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The Virgin Suicides is a 1999 American drama written and directed by Sofia Coppola, produced by her father Francis Ford Coppola, starring James Woods, Kathleen Turner, Kirsten Dunst, Josh Hartnett, and A. J. Cook.

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Synopsis:
In an ordinary suburban house, on a lovely tree-lined street, in the middle of 1970s America, lived the five beautiful, dreamy Lisbon sisters, whose doomed fates indelibly marked the neighborhood boys who to this day continue to obsess over them. A story of love and repression, fantasy and terror, sex and death, memory and longing. It is at its core a mystery story: a heart-rending investigation into the impenetrable, life-altering secrets of American adolescence.

Check out the Rotten Tomato reviews of The Virgin Suicides:

Richard Brody (New Yorker) A surprisingly intricate struggle with absence, grief, and memory. Full Review
Nell Minow (Common Sense Media) Intense, imperfect movie about teen suicide. Full Review
Nick Rogers (Suite101.com) Sofia Coppola’s compelling, ethereal fable about adolescent loss of innocence is claustrophobic and uncomfortable, but profoundly affecting and gently funny. “The Virgin Suicides” advises teen years are sometimes best remembered as a long-ago vacation. Full Review
Bob Grimm (Sacramento News & Review) Sofia Coppola’s adaptation of Jeffery Eugenides’ 1993 novel plays like a sweet, sad dream. Full Review
Rob Gonsalves (eFilmCritic.com) It’s yet another case of blame-the-parents, and, more precisely, blame-the-overprotective-mother. Full Review
Emanuel Levy (Variety) Sofia Coppola tackles the issue of teenage suicide with an assured treatment in The Virgin Suicides, effectively employing a seriocomic tone. Full Review
Jonathan Rosenbaum (Chicago Reader) A very curious and eclectic piece of work. Full Review
Emanuel Levy (EmanuelLevy.Com) An assured feature debut, this darkly humorous exploration of a tough subject benefits from an original narrative and the fact that the appealing cast consists of actors who are the same age as the characters they play.
Jeffrey M. Anderson (Combustible Celluloid) The strongest directorial debut of the year. Full Review
(Time Out) The tone of wistful regret and longing doesn’t preclude a good deal of gentle humour. It’s a restrained, subtly suggestive piece which disintegrates if you try to get a fix on it. Full Review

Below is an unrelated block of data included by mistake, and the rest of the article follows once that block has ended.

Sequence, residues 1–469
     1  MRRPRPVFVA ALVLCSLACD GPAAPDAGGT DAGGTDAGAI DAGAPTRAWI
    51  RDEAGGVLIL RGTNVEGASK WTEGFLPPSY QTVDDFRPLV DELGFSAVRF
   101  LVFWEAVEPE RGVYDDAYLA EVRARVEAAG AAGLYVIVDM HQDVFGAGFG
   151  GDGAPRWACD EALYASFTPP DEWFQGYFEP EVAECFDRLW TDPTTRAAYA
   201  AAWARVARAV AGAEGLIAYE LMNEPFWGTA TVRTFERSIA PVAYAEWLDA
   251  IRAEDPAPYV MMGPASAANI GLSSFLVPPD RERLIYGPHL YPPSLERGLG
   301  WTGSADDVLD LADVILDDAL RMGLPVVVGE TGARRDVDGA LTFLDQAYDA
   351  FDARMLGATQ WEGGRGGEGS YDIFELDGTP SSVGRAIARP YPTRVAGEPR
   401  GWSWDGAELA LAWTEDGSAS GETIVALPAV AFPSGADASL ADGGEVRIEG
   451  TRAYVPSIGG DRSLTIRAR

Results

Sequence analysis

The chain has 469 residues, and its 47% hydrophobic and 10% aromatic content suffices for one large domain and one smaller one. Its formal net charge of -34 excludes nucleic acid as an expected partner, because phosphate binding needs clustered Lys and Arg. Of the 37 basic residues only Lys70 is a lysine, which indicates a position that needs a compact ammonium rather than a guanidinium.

Frank Swietek (One Guy’s Opinion) A rather stunted and sliggish exercise in style whose sporadically haunting visual quality doesn’t make up for its shallowness and ponderous pace. Full Review
Chris Gore (Film Threat) A stellar debut feature from Sofia Coppola and it’s a must see. Full Review
Robin Clifford (Reeling Reviews) Concentration on either the writing or the direction, but not both, may have spawned a better film from first-timer Sofia C. Full Review
Pablo Villaça (Cinema em Cena) Mergulhando com sensibilidade na amargura do universo adolescente, com seus anseios e frustrações, Coppola estréia de forma memorável na direção.
Moira MacDonald (Seattle Times) A disarmingly poetic – and specifically female – vision of adolescence that it belongs in a category of its own. Full Review
Peter Bradshaw (Guardian) Coppola’s direction engagingly avoids the coming-of-age cliches and the film boasts an excellent performance from Kirsten Dunst. Full Review
Jeanne Aufmuth (Palo Alto Weekly) Black comedy has never looked so good.
Mark Olsen (Sight and Sound) If missteps hold the film back from achieving the full grandeur it aims for, there is no denying the way it conjures a magic-realist American suburbia, rarely before brought so convincingly to life. Full Review
Jon Niccum (Pitch.com) If [Coppola’s] debut film is any indication, talent does run in the family — even if it is a somewhat disjointed talent. Full Review
Margaret A. McGurk (Cincinnati Enquirer) In the end, the strengths of the movie are overwhelmed by what is pretentious, unplugged and boring to boot. Full Review

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